There’s a reason our Historic Foodways apprentice, journeymen, and master tradespeople sometimes call Mary Randolph’s “Potatoe Balls” recipe the “Colonial Tater Tot.” Watch the video below to learn how we make this recipe in our kitchens based on the 18th-century description below, then use our 21st-century translation to try the recipe at home!
Perhaps the most interesting aspect of this recipe is Mary Randolph’s direction to boil the potatoes with skin on to keep the starch in for frying. In many historic recipes, the technique is not spelled out as one would require in modern recipes. However, 18th century cookbook authors assumed that the reader was already a cook and familiar with a variety of processes.
1. Boil potatoes with the skin on until tender. This will retain the starch in the potato and make it hold together better.
2. Drain potatoes and allow to cool slightly before mashing.
3. Add egg yolk to mashed potatoes and mix well with a fork to incorporate. Season with salt and pepper.
4. As this is a very sticky mixture, the easiest way to form the balls is to coat your hands with flour. Then, taking a tablespoon of the mixture at a time, shape into balls and dredge in a dish of flour.
5. Beat the remaining egg. Dip potato balls in the egg, then roll them in bread crumbs to coat.
6. After all balls have been coated, place in refrigerator for 15 minutes up to an hour.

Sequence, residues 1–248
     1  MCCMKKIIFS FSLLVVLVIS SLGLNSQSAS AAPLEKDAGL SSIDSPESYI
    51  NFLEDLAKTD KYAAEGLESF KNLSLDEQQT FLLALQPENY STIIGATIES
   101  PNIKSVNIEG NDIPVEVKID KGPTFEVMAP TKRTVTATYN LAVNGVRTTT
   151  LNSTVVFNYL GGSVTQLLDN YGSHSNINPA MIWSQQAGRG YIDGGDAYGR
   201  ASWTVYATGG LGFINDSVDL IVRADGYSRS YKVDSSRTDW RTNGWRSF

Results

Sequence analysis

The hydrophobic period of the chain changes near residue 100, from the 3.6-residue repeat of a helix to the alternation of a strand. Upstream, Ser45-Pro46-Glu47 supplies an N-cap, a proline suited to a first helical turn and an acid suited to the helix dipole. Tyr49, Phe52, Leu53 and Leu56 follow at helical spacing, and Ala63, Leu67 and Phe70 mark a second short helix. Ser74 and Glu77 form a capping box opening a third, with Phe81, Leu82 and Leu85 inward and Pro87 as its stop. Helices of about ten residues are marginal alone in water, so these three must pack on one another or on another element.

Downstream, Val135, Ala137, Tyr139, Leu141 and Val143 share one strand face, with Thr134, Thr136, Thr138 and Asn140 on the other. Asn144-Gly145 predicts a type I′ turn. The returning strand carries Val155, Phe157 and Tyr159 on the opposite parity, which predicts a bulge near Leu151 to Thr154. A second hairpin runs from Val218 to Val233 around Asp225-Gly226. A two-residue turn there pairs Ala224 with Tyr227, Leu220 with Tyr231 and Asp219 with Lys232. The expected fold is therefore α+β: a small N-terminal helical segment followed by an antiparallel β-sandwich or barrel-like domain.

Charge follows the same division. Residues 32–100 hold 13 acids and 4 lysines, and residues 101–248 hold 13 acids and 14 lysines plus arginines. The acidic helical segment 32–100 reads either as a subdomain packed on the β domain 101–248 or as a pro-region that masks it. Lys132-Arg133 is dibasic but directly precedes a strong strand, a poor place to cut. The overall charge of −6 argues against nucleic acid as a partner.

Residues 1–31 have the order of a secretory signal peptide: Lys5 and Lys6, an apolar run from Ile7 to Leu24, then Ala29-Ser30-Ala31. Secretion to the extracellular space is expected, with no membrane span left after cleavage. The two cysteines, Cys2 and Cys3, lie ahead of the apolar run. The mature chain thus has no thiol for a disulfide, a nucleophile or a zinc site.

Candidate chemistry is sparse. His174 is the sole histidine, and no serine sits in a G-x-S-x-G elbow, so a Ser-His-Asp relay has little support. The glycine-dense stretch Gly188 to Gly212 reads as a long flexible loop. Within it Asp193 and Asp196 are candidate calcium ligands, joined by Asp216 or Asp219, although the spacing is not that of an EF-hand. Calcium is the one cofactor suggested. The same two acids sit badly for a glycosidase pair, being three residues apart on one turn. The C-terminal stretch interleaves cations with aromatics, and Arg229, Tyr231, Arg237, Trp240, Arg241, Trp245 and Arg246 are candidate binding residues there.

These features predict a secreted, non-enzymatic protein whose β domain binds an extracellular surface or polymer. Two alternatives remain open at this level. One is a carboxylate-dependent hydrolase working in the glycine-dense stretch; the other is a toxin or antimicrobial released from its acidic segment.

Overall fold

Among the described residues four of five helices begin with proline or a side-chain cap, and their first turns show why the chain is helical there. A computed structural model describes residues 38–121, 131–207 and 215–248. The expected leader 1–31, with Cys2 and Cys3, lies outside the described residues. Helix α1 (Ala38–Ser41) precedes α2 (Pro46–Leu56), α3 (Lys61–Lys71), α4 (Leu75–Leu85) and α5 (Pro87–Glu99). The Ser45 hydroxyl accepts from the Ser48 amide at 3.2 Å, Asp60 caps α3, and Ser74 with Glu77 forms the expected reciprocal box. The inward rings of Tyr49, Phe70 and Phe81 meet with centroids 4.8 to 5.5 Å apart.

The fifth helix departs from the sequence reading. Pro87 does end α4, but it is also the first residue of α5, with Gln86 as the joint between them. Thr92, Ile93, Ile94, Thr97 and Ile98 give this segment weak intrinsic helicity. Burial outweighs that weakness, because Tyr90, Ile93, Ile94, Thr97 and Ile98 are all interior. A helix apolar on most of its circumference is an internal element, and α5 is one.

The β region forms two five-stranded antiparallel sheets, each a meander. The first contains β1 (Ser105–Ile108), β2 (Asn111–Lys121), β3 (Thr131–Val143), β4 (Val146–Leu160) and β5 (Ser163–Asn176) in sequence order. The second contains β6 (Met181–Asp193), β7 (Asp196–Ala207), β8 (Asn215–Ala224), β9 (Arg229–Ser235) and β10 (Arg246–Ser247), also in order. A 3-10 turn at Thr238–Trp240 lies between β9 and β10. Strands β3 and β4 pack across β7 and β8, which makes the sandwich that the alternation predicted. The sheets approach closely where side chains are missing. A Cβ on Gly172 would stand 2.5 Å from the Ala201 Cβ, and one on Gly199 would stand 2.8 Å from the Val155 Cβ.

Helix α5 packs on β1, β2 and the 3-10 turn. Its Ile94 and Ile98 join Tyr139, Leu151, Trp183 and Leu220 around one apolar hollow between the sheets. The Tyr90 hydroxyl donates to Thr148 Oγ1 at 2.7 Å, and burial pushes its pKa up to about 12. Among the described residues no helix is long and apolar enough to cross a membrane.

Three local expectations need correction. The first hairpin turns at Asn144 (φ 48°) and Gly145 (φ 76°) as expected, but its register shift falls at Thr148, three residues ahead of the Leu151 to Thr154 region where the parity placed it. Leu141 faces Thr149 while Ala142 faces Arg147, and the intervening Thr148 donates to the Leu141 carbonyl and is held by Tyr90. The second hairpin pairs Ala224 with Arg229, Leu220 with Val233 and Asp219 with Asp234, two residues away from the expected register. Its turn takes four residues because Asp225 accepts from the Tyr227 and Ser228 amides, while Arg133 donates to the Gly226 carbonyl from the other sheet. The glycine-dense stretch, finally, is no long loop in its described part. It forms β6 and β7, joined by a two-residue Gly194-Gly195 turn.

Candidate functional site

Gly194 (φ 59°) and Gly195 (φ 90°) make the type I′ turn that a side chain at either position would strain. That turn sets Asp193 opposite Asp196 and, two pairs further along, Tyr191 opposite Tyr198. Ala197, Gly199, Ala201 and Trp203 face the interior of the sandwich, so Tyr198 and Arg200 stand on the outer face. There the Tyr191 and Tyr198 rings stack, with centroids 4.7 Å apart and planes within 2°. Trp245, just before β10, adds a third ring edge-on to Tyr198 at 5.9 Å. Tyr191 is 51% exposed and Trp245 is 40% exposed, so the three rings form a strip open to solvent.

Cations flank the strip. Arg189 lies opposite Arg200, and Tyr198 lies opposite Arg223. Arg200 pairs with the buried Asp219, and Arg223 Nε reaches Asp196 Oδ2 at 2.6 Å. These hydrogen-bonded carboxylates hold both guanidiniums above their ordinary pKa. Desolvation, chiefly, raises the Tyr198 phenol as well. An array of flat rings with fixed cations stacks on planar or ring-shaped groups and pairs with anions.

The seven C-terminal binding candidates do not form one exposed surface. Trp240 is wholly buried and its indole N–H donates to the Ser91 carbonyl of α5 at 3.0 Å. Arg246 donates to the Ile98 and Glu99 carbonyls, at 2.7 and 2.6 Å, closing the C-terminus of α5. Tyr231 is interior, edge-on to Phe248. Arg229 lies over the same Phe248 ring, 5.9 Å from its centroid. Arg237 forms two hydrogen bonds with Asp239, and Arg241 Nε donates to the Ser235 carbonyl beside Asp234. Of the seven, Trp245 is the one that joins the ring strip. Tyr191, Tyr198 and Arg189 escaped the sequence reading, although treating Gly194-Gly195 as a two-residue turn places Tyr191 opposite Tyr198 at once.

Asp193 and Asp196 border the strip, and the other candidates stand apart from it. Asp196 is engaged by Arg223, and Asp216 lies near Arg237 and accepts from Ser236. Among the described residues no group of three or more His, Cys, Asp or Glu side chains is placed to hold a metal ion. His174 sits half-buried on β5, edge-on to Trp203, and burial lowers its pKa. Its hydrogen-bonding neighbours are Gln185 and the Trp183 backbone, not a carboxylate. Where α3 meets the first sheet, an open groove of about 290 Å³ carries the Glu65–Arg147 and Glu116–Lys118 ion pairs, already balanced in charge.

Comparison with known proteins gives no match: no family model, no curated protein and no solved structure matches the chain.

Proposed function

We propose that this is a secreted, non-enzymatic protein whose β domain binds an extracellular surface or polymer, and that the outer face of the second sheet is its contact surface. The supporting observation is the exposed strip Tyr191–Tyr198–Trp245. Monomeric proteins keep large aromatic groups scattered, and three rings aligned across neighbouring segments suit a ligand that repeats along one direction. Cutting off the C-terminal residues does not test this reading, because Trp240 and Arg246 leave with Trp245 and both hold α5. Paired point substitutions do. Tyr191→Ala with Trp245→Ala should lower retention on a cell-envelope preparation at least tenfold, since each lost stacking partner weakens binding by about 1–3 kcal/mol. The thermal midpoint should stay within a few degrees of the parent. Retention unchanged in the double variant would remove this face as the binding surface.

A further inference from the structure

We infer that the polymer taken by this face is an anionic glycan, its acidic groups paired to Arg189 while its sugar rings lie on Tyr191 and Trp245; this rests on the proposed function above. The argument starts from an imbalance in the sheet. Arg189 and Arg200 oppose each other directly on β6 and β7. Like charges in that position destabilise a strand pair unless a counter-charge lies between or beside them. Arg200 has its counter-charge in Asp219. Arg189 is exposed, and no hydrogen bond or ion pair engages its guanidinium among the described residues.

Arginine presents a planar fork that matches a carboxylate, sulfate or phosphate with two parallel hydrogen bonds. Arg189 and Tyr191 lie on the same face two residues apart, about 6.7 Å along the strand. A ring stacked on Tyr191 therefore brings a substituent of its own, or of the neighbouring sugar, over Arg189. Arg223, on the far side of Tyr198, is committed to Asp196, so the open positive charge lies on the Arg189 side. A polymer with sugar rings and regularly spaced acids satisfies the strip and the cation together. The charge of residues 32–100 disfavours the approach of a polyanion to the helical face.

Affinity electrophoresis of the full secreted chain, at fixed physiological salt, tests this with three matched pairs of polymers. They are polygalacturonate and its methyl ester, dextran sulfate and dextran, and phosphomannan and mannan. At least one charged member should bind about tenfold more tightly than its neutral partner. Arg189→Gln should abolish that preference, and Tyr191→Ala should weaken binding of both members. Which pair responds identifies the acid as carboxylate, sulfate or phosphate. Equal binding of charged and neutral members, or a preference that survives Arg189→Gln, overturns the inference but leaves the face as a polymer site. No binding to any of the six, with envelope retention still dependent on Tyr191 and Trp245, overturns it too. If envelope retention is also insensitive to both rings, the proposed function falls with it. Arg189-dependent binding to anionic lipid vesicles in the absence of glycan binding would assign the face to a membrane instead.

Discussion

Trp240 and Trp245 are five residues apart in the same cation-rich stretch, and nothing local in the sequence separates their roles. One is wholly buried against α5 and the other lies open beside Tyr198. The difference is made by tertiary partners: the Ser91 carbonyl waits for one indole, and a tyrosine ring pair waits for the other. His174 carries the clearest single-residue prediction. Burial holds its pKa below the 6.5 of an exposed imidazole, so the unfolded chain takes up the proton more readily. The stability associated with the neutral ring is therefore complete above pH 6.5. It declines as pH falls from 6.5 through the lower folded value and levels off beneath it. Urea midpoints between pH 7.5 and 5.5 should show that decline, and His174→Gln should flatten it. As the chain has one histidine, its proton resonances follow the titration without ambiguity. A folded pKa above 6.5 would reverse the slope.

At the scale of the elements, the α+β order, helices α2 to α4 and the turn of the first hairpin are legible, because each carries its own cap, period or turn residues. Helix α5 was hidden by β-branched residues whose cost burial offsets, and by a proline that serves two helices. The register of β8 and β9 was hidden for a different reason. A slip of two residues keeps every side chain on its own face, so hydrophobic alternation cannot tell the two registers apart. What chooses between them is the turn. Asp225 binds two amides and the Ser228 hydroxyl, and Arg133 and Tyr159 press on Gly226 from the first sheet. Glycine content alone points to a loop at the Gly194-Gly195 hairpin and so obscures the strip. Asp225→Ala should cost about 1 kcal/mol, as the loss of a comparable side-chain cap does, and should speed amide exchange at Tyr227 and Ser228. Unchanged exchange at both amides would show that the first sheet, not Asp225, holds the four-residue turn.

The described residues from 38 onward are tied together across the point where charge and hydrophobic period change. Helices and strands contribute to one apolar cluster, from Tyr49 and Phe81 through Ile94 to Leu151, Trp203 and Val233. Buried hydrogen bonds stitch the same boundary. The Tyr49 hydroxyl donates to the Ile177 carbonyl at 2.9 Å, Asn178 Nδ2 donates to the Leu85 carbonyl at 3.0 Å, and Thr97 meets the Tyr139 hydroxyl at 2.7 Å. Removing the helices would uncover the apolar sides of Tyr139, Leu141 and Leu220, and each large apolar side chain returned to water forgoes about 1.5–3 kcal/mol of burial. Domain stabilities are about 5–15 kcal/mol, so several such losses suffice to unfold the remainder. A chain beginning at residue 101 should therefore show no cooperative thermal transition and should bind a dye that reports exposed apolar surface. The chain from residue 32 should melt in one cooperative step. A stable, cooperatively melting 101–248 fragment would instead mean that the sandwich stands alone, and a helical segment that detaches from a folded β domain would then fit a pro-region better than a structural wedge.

7. Potato balls can be baked in a 350 degree oven for approximately 10 to 15 minutes until lightly browned. Or, for a better flavor, fry in vegetable oil until lightly browned. Using one large Russet potato, this receipt makes 20 medium sized balls.
Hannah Glasse (1708-1770)
By far the most well known of the 18th century cookbook authors, Glasse’s “Art of Cookery Made Plain and Easy” became the cookbook to have if you lived in Britain at the time. Many editions later, it was still being used in the 1840s when Mrs. Beeton’s works hit the market. Although accused of being ghostwritten, her book was well organized and easy to follow without high, ornate language. The book appealed to the upper as well as the middling ranks.
Glasse, Hannah, The Art of Cookery Made Plain and Easy, Revised Edition of 1796, United States Historical Research Service, Schenectady, New York, 1994.